Shares of Camping World Holdings (NYSE:CWH) plunged more than 14% on Thursday morning after the RV manufacturer reported first-quarter earnings that were well short of expectations, causing at least one Wall Street analyst to throw in the towel.
After markets closed Wednesday, Camping World reported first-quarter earnings of $0.08 per share on revenue of $1.06 billion, missing consensus expectations for $0.14 per share in earnings on sales of $1.07 billion. The company continues to be plagued by weak demand for recreational vehicles. Its RV and outdoor retail segment revenue was up 0.4%, but same-store revenue plunged 11%, and segment gross profit fell by 2%.
Despite the difficult quarter, Camping World officials said they saw the beginnings of a possible turnaround in demand toward the end of the quarter. The company is holding to its full-year outlook, predicting 2019 sales of between $4.9 billion and $5.1 billion and adjusted EBITDA of $320 million to $340 million.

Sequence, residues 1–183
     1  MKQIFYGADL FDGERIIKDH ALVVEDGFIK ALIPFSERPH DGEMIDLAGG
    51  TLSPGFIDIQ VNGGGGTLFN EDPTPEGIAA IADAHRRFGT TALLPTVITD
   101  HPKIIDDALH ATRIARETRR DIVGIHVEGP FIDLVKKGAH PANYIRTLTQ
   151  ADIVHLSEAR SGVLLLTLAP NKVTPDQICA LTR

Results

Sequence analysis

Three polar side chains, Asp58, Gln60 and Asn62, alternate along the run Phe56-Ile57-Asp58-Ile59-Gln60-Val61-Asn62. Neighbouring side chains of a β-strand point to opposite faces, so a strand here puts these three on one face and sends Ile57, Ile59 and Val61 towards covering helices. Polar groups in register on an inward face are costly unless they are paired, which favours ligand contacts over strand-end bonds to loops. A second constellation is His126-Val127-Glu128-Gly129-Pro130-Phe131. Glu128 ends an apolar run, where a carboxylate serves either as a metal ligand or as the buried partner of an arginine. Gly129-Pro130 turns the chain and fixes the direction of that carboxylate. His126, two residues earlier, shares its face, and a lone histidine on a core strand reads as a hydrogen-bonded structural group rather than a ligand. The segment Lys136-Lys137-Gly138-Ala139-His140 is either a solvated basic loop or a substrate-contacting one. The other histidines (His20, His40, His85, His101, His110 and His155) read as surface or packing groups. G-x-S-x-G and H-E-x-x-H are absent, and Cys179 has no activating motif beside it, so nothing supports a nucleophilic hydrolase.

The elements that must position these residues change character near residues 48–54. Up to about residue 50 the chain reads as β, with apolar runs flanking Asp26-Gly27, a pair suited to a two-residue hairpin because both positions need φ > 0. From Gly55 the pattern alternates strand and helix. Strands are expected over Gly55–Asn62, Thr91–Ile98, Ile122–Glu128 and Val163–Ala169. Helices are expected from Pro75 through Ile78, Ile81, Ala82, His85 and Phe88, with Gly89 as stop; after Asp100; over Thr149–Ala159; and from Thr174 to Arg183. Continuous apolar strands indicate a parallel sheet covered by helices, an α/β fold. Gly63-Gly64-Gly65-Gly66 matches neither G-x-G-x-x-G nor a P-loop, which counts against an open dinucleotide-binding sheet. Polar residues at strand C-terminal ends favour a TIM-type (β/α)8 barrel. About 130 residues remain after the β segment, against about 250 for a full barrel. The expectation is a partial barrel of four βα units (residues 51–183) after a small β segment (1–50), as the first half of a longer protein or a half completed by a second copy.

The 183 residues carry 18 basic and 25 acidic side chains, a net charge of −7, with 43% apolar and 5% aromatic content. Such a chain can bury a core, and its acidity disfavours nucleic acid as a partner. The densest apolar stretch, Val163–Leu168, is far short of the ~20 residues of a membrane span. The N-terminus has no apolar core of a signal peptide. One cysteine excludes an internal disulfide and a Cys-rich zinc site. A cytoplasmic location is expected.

Not everyone is so confident. Bank of America/Merrill Lynch analyst John Lavallo on Thursday morning downgraded Camping World to underperform from neutral and lowered his price target for the shares to $13 from $15. Lavallo in a note said the company's outlook for 2019 seems "optimistic" after first-quarter EBITDA about 50% below consensus, and he predicted Camping World will have to bring down estimates as the year goes on.
Camping World investors went into earnings season hoping for some good news after a volatile first quarter marred by accusations that its celebrity CEO had manipulated the market while taking the company public. Those accusations against chairman and CEO Marcus Lemonis, a private-equity veteran who's perhaps best known as the host of CNBC's The Profit, seem to have faded into the background, but the suit's fundamental argument that Camping World went public before it was ready is a concern that that remains relevant after this earnings report.
Lemonis in a statement following earnings said, "We are excited about the progress we have made in our business" and that activity in April and early May is "encouraging for the future." Perhaps so, but on Thursday, at least, investors were in no mood to hang tight and see what happens.